At the end of last week, I was in Chicago for the Opening Minds 2014 conference. I was there because another project I work on, Little eLit, was up for an Innovation Award (as was Every Child Ready to Read, which WON! w00t librarians!!!). In addition to showcasing Little eLit and networking with other innovators and attendees, I also met Andrew Davis, the Director of Early Childhood Products for Follett School Solutions. We talked about public libraries, and when Guerrilla Storytime came up, he loved the idea. And so Opening Minds 2014 ended up having a Guerrilla Storytime take place right at the entrance to the exhibit hall on Friday.
A group of early childhood educators and librarians participated in and observed the 30-minute Guerrilla Storytime, where we shared on a variety of topics (I didn’t get to take good notes this time around, but I’m waiting for some notes from a fellow attendee to fill in more of what was covered). We talked:
- opening and closing songs, including “I Put on My Glasses“
- favorite scarf songs and activities
- strategies for confronting kids’ fears in storytime, including using fairy tales
- ways to combat the wiggles, including a number of stand up-sit down wiggle rhymes, counting movement rhymes, and just putting down the book and moving on
- apps that have seen success in story-sharing settings, including Felt Board Mother Goose on the Loose, Peek-a-Zoo, and Moo Baa La La La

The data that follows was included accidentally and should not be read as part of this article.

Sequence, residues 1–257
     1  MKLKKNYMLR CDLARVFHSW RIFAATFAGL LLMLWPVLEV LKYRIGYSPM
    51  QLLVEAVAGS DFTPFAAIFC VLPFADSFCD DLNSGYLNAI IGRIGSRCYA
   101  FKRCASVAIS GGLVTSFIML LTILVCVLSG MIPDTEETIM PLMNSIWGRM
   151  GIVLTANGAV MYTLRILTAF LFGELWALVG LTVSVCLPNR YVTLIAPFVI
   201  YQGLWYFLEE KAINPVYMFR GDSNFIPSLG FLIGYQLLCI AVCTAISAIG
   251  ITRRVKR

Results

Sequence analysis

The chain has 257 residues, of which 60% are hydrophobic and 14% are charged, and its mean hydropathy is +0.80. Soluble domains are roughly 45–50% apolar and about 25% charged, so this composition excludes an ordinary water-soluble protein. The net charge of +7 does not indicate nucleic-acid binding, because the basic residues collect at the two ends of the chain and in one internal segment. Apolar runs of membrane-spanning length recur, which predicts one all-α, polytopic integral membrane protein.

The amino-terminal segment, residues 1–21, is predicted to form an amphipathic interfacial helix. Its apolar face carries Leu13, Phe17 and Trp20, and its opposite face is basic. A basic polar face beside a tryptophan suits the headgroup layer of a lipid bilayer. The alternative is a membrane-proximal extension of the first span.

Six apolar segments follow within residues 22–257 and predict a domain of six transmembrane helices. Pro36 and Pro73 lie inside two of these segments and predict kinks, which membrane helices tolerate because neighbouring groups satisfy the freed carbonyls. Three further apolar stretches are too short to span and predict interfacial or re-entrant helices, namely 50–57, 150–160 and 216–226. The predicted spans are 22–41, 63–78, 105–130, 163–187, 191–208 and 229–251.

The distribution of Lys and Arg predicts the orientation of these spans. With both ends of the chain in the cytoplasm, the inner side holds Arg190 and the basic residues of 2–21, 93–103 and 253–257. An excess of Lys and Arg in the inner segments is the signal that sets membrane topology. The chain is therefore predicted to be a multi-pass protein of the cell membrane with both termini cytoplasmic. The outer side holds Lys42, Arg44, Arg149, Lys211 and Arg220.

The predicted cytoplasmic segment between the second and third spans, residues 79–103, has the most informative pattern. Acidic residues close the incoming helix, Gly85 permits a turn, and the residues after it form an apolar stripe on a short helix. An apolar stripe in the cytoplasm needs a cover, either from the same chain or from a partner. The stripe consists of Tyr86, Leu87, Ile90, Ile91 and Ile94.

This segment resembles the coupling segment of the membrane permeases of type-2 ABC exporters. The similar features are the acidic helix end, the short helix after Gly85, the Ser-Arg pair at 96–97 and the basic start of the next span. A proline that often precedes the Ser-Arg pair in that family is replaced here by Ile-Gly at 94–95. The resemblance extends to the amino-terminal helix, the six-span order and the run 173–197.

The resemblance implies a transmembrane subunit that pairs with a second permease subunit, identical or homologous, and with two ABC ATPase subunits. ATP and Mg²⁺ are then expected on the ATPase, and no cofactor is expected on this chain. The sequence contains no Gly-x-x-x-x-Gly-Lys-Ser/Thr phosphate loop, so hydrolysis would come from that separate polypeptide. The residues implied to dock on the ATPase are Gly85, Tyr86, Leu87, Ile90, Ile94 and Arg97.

The most gratifying thing for me as the leader of this truly impromptu Guerrilla Storytime was getting to explain to an audience of early childhood educators what and why Guerrilla Storytimes exist. As I was sharing that one of the core tenets of Guerrilla Storytime is that every storytime practitioner has valuable experience and expertise to share with colleagues, I saw lots of nods of agreement coming from preschool teachers. Sometimes, when you’re at a conference and you’re moving from session to session of someone else sharing their tips and strategies, it can be easy to forget that you, too, have valuable knowledge to share. Guerrilla Storytime provides a forum for everyone to share, not just those in the program session guide.
Several preschool teachers said they found our sharing session valuable, and it made them see their public library as a resource for ideas and support of the work they do every day. I love how Guerrilla Storytime keeps opening up more doors for collaboration and sharing.
One more huge thanks to Andrew Davis and Follett, who enthusiastically let us take over their exhibit booth for half an hour so storytime providers of every ilk and setting could share and learn. Dedication to serving children means dedication to serving those who serve children, too, and I’m glad to know early childhood teachers have that support from Follett.